You can view your Social Security statement online. The Social Security Administration has stopped mailing paper Social Security statements to most workers to cut costs. If you want to view your complete earnings history, taxes paid into the system, and get a personalized estimate of your expected payments, you'll need to create a Social Security online account and log in to view your statement. It's a good idea to periodically check your statement to make sure your information is being recorded correctly and to make decisions about when to claim Social Security. "I recommend that everyone get in the habit of checking their online statement each year, around their birthday, for example," says Michael Astrue, the former commissioner of Social Security. You can also now sign up to receive benefits, change your direct-deposit information, and access a benefit-verification letter online.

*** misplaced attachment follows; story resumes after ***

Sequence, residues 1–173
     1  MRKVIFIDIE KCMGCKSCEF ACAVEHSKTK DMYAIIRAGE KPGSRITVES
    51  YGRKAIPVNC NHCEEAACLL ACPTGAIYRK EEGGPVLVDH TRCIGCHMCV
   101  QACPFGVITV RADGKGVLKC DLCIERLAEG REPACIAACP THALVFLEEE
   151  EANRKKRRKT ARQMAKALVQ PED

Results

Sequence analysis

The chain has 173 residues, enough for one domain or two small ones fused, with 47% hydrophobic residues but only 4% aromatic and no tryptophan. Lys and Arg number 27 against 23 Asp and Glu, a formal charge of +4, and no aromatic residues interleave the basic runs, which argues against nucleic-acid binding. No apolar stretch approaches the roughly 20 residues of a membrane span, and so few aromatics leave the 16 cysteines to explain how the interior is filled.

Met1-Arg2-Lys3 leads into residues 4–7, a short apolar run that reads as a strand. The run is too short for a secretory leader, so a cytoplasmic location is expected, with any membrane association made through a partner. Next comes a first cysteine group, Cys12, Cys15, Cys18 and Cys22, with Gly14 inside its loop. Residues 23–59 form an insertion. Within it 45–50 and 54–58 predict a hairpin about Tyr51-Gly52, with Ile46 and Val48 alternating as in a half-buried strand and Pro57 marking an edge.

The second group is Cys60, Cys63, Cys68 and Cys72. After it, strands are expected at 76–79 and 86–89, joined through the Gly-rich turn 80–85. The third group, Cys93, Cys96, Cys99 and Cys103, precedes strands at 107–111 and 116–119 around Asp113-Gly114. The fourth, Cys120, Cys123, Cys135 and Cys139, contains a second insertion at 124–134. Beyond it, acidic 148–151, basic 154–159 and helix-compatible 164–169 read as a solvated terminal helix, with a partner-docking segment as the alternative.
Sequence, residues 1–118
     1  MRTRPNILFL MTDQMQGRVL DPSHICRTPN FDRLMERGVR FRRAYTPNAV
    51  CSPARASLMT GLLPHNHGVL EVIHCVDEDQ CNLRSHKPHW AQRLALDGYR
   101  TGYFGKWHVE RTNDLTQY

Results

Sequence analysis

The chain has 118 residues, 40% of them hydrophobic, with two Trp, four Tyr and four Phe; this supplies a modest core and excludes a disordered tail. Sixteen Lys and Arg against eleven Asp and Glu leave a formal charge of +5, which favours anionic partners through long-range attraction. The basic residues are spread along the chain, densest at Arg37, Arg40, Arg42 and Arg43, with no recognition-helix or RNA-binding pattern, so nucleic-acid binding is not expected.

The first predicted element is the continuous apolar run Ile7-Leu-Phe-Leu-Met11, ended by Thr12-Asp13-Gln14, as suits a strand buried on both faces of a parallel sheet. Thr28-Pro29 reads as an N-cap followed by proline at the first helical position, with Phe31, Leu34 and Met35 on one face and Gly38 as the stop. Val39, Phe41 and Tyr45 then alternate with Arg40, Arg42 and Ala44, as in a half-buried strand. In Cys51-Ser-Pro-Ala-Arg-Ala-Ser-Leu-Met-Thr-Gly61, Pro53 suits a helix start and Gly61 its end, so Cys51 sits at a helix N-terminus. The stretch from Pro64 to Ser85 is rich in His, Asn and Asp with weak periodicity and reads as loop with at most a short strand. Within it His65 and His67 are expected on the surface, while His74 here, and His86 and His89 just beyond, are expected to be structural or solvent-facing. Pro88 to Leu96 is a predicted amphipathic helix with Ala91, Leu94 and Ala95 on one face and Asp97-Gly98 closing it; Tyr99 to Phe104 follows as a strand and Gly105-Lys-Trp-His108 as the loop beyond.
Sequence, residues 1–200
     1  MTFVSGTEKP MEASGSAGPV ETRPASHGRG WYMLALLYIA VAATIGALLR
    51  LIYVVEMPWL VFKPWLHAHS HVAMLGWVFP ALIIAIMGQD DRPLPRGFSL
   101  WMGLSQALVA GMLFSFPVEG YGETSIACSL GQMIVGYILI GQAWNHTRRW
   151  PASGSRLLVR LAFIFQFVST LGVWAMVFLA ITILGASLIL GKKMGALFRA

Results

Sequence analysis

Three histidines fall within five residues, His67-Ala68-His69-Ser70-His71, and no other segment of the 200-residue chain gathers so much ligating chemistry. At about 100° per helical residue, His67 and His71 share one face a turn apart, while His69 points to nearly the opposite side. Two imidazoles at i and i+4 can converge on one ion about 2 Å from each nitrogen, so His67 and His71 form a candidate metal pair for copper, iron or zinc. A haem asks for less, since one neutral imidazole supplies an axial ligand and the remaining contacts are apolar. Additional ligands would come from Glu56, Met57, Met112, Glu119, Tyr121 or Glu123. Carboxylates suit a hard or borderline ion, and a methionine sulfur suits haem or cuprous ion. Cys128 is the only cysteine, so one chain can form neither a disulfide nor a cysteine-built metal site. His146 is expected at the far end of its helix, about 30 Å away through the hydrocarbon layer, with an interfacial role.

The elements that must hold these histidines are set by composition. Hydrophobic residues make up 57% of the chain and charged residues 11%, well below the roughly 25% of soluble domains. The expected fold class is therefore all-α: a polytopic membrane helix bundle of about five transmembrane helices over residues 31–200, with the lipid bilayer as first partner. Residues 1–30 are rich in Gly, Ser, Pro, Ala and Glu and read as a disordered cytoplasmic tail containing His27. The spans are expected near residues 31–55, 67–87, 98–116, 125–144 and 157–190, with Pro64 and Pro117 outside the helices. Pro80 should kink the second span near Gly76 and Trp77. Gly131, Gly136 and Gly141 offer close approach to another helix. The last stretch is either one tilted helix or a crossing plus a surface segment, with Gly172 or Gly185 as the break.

The trust fund has a projected deficit. The assets in the Social Security trust funds are expected to be exhausted in 2033, according to the Social Security Board of Trustees' annual report. After that, incoming tax revenue will provide enough income to pay out about three-quarters of promised benefits. "If nothing else is done, certainly payments would be reduced dramatically to just what the tax rolls were bringing in each year, but we can always increase the Social Security tax," says Blankenship. Possible changes that might correct the problem include tax increases, benefit cuts, or a combination of the two approaches. The trustees found that an immediate payroll tax increase of about 1.3% for workers and employers or an immediate benefit reduction of 16.2% would both correct the projected deficit and restore the program to solvency for the next 75 years.

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